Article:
Some 3.8 billion people get on board jetliners every year to fly to numerous destinations around the world. But while this doesn’t mean that more than half of the world’s population fly annually—since a many people fly multiple times a year—a great number of individuals do so for the first time, and many others have flown at least once in their lifetime. The Air & Space Magazine by Smithsonian actually estimates that as much as 80 percent of Americans have actually taken to the sky at least once in their life.
As air travel became less of a luxury and more of a necessity over the years—not only in the U.S. but in many developing countries around the world—comfort has also become an increasingly important issue for travelers everywhere. As researchers have noted in one conference paper for the International Conference on Applied Human Factors and Ergonomics, passenger comfort is one of the most important variables on user acceptance of transport systems, and it is directly associated with passenger satisfaction and their willingness to fly again in the future.
Critical findings that point to the importance of passenger comfort in attracting customers and encouraging repeat business should then behoove aircraft designers and airline managers to concentrate on and improve on factors and issues that affect the overall passenger comfort experience. In this short article, we’ll discuss two of the most important seating-related elements that affect this experience: seat size and seat pitch.
It is by no means a secret that seat size is one of the most important factors influencing passenger comfort, especially for those seated in economy class. When it comes to seat size, the seat width is taken into consideration, which means the distance from armrest to armrest is measured.
While aircraft manufacturer Airbus has previously commissioned a study that showed an extra inch in seat size improved passenger sleep quality by 53 percent, commercial airliners today don’t follow a standard for seat sizing, as they offer varying seat widths of between 16 inches to 20 inches.
Moreover, according to the website SeatGuru.com, the average seat size of jetliners has diminished from 46 centimeters (18.11 inches) to just 43 centimeters (16.9 inches) in the last two decades, which doesn’t conform to the trend of increasing average weight and waistlines of American passengers. According to the Centers for Disease Control and Prevention, the overall weight gain among Americans since 1960 is now 18.5 percent among women and 17.6 percent among men.
On the other hand, business class seats in jetliners tend to be significantly wider, with Hong Kong Airlines currently offering the widest business class seats available anywhere—42 inches on its Airbus A350-900 (359) planes.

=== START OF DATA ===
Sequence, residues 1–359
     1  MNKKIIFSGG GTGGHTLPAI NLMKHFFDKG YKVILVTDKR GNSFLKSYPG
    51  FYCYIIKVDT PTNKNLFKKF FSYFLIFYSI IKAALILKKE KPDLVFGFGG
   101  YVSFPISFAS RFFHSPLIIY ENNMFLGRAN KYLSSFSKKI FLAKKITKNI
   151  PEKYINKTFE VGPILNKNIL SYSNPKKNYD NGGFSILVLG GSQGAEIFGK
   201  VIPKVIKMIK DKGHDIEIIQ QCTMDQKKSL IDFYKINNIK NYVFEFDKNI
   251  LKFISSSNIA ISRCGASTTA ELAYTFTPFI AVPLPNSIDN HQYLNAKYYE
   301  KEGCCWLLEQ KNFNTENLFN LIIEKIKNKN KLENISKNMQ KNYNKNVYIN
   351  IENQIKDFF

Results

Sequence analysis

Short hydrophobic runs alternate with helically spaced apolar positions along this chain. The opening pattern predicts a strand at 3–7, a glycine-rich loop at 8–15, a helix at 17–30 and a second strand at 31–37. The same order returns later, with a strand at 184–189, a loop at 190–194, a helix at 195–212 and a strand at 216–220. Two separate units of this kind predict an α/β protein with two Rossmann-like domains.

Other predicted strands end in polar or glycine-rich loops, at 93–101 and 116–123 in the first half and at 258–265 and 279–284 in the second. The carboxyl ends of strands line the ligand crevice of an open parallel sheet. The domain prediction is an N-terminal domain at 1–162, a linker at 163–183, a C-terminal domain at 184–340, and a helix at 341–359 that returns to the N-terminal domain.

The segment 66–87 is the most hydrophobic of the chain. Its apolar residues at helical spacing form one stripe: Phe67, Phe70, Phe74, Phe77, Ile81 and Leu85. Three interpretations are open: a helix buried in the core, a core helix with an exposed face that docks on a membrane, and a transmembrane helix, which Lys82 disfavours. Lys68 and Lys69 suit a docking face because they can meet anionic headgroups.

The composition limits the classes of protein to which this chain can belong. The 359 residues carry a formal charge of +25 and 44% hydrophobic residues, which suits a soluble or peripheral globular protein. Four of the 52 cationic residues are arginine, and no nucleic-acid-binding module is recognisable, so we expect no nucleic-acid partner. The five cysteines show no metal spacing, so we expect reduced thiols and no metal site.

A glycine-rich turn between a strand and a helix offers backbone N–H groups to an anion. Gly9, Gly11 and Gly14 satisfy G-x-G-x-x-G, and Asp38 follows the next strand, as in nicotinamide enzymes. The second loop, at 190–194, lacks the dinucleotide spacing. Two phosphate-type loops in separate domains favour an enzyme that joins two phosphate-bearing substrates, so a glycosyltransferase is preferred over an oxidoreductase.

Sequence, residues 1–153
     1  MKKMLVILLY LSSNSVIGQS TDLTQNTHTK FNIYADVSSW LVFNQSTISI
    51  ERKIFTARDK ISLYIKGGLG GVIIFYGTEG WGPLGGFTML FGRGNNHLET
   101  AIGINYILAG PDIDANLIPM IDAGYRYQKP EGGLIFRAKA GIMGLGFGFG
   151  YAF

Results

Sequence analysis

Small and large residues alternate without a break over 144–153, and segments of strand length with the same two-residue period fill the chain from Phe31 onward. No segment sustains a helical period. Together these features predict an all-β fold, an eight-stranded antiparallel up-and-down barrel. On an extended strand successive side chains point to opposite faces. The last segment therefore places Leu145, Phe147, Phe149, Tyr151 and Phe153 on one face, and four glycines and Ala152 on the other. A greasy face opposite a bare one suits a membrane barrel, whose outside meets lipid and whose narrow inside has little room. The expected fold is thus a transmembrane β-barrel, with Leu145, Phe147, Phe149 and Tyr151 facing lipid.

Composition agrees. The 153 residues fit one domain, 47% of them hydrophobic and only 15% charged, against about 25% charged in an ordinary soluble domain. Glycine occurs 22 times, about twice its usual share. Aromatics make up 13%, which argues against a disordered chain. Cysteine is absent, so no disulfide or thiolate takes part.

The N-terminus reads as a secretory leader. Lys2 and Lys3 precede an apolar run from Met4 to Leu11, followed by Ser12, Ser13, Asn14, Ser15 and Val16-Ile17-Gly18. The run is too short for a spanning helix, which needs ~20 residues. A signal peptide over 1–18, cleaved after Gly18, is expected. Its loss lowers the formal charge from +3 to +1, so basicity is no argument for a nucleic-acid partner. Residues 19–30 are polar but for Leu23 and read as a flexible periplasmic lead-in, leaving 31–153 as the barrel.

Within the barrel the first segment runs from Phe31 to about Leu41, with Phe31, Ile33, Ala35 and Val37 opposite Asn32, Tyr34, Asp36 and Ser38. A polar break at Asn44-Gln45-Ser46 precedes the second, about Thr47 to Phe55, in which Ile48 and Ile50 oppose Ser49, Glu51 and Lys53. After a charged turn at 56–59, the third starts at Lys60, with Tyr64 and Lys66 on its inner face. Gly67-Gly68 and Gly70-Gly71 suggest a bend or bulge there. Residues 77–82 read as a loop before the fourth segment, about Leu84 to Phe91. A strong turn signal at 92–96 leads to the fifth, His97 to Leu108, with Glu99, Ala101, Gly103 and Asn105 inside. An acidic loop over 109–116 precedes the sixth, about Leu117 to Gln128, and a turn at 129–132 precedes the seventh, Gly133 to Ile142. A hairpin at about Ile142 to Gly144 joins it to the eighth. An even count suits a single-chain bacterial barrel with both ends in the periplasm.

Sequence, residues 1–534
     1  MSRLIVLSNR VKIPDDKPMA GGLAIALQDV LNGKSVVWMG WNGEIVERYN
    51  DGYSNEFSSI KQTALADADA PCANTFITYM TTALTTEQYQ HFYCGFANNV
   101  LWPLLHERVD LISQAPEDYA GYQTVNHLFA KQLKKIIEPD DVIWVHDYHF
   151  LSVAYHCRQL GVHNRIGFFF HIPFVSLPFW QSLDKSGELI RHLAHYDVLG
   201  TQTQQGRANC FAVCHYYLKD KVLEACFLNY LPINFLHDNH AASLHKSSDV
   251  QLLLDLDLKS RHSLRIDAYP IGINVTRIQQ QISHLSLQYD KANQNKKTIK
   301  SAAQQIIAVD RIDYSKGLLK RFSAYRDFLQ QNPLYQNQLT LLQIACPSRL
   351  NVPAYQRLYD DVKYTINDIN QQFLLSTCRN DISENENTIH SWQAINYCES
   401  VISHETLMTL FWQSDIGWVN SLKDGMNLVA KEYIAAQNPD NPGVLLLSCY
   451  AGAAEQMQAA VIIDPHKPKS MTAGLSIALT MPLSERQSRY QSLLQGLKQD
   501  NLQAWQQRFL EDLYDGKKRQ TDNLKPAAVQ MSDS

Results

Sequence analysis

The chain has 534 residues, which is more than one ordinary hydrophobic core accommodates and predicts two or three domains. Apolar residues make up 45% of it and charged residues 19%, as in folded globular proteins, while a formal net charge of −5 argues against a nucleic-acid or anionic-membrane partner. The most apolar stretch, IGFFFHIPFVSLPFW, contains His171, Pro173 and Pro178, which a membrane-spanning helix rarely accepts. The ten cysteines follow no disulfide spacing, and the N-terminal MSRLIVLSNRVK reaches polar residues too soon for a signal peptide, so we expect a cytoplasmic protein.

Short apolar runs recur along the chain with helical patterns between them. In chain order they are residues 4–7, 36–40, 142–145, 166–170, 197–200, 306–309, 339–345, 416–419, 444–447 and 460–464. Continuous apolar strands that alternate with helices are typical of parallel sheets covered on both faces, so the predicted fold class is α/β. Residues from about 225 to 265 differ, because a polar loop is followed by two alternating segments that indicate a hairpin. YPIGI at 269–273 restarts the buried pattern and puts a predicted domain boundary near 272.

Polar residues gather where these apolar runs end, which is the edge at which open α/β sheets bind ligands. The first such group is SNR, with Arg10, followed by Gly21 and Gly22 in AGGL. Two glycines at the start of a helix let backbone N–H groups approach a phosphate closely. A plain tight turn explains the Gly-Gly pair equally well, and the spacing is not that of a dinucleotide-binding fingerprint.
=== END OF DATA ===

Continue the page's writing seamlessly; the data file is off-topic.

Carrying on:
Seat Pitch and Legroom
Another seating-related element of passenger comfort is the seat pitch, which influences how much legroom an individual gets when seated in an aircraft. Seat pitch is defined as the distance between one point on an aircraft seat to the same point on the seat directly in front of it.
Based on data gathered by SeatGuru.com, the average economy class seat pitch has also declined in the last two decades, falling from 89 centimeters (35 inches) to just 79 centimeters (31.1 inches) today. And as with seat size, seat pitch is also more generously afforded to business class passengers. Currently, Qatar Airways offers the longest business class seat pitch at 103 inches on its Airbus A350-1000 (351) Qsuite planes.
Fortunately, some aircraft manufacturers incorporate advanced seat actuation systems in their airplanes, therefore vastly improving the passenger comfort experience for travelers. The different parts of the seat—the footrest, the leg rest, and the recline axes—all move smoothly and efficiently, attaining their desired configuration thanks to the compact but high-torque brushless and brush DC coreless motors that power their seat actuation system.
Moreover, aircraft manufacturers are now implementing design solutions to increase actual passenger legroom on jetliners. By modifying the ergonomics of the seat backs, using cushioning technologies that are thinner and lighter, and employing aluminum seat frames that are able to move as the passenger sits, up to 4 inches of additional legroom can be added to each economy class seat.
Naturally, it’s still up to the airline companies themselves to implement any of these available solutions. But as air travel becomes cheaper and many more players join the fray in attracting the increasing number of global travelers every year, it will be in these airline companies’ best interests to execute measures that will make their transport services more palatable to potential passengers.